10. Uphill Run
Same situation as Steep Path above.
11. Up Cliff
Character can choose to climb the rope or use the trail. A character using the trail spends three turns reaching the end. A successful 'climb' roll means the character spends one turn ascending. A failed roll means the character falls and takes 1D6 damage. A fallen character waits 1D3 turns before attempting to climb again (or choosing to use the trail).
Skills performed successfully during the course have a chance of being improved. When checking for improvement, percentile dice are rolled and if the result exceeds the current skill value, that value increases by five percentiles.
Although the event is a race, “winning is not as important as simply doing it.” However, “members of the guilds will watch the events of festival day.” Apparently, guild representatives are present to recruit apprentices. Mentioned guilds include “the Adventurer's Guild, the Sorcerer's Guild, the Guild of Sages who seek knowledge*, even the Rogues' Guild, the guild of honorable thieves.” One wonders about what apprenticeship in the “Adventurer's Guild” entails. One also wonders about the Rogues' Guild recruitment pitch.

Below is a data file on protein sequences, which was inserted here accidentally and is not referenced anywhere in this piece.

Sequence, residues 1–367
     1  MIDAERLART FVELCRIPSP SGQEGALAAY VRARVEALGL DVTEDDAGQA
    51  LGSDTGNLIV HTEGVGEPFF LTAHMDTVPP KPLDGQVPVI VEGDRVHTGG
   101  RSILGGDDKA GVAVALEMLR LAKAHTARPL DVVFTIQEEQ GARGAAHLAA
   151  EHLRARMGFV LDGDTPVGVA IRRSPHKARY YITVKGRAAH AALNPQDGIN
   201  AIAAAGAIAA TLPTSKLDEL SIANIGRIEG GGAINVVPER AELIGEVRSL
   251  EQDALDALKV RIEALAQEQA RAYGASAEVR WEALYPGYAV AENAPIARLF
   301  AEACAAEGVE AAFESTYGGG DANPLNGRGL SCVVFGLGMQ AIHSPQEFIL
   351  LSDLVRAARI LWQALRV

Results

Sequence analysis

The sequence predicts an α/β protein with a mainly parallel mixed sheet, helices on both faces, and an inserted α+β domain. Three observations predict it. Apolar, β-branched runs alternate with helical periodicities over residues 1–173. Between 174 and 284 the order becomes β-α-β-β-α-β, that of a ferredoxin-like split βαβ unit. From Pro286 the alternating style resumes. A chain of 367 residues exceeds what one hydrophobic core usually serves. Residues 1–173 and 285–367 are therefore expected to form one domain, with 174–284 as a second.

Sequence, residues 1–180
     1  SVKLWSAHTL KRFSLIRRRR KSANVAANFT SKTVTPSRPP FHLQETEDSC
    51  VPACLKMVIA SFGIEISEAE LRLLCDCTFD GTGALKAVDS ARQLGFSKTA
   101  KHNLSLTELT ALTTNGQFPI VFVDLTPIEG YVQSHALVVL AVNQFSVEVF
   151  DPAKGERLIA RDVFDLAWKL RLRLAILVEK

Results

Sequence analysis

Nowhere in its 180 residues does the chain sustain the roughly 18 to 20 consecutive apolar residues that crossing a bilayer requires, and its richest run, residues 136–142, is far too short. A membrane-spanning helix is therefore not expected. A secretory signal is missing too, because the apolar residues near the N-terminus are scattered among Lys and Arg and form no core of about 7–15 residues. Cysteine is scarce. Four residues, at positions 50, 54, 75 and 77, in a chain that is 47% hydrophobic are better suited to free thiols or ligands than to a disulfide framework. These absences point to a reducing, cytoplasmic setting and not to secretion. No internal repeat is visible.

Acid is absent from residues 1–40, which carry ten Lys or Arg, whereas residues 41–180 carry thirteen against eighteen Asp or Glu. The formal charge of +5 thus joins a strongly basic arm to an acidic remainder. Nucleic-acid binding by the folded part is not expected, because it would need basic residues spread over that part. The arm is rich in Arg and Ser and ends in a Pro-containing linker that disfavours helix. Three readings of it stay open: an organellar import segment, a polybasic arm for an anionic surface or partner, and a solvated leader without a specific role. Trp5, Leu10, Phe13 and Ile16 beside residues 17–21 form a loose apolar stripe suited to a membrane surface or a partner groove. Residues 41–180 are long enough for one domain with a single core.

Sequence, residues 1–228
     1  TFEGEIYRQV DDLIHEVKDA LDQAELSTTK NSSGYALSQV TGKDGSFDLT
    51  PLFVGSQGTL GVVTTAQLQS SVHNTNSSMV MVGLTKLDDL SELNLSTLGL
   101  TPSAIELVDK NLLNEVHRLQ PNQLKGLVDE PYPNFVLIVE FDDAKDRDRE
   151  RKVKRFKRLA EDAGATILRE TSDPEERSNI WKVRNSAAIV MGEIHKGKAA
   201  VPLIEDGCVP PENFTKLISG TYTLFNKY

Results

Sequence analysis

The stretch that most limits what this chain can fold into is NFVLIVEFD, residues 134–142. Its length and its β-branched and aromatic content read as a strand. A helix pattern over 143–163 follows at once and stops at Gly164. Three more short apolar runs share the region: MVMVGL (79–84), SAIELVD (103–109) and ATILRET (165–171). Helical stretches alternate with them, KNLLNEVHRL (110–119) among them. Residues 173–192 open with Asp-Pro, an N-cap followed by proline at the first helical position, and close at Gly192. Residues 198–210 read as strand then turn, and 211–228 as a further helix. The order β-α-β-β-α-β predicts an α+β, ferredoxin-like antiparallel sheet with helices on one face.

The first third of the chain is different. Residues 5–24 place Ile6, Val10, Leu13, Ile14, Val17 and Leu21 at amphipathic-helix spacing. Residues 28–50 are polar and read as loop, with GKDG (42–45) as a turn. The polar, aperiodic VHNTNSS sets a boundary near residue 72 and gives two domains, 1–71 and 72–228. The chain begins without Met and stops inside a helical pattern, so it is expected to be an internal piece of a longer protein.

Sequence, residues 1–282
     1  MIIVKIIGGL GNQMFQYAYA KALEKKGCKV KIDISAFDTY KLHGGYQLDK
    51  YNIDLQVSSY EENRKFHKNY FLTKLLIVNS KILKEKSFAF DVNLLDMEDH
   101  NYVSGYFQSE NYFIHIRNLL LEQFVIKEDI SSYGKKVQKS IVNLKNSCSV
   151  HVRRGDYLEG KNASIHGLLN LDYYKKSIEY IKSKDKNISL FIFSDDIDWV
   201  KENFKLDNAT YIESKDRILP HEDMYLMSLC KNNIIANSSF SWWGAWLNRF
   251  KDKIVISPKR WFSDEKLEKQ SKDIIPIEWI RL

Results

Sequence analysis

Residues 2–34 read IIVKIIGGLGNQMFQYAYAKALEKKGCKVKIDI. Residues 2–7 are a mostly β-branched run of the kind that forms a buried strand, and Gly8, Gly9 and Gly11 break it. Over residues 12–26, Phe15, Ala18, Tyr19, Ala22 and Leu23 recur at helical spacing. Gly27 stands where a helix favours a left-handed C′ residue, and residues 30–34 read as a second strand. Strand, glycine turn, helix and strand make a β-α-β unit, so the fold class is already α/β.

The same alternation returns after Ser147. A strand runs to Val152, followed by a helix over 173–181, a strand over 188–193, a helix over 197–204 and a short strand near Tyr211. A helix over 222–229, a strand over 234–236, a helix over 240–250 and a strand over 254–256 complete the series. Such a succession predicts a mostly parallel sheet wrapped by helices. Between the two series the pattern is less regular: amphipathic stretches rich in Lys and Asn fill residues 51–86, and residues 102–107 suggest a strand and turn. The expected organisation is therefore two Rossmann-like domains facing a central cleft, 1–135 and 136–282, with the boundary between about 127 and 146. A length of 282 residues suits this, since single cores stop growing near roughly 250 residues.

After completing the obstacle course (and checking for skill improvement), the book indicates the “characters can play in a low level Basic Role Playing, RuneQuest, or Worlds of Wonder game.” For an instruction book that otherwise dwells almost pedantically on rudimentary aspects of role-playing games, The Adventurer's Handbook is frustratingly reticent on finalizing character generation. For instance, later in the same chapter, the book uses “the method of Worlds of Wonder: Magic World” to enhance Barostan's abilities; said 'method' being part of Magic World character generation. Even so, The Adventurer's Handbook has Barostan increase his characteristics as a result of training as warrior – something not part of Magic World character generation.
For the other characters, The Adventurer's Handbook adopts another Magic World notion – one month of training provides a skill value increase of five percentiles. The book, seemingly arbitrarily, determines how many months in a five year period a character can train and determines the results of that training. Rokana trains for thirty months; however, without establishing any sort of rule-based methodology, The Adventurer's Handbook provides Rokana with three spells and a minor magic item before her official training begins. Bridla's “work and lifestyle” permits only two months per year for training. As an apprentice of the Thieves' Guild (which, I guess, is the same as the Rouges' Guild), Dernfara gets the benefits of eleven months of training per year (which is a different benefit scheme from what the rouge profession provides in Magic World).
* As opposed to the Guild of Sages that flavor cuisine?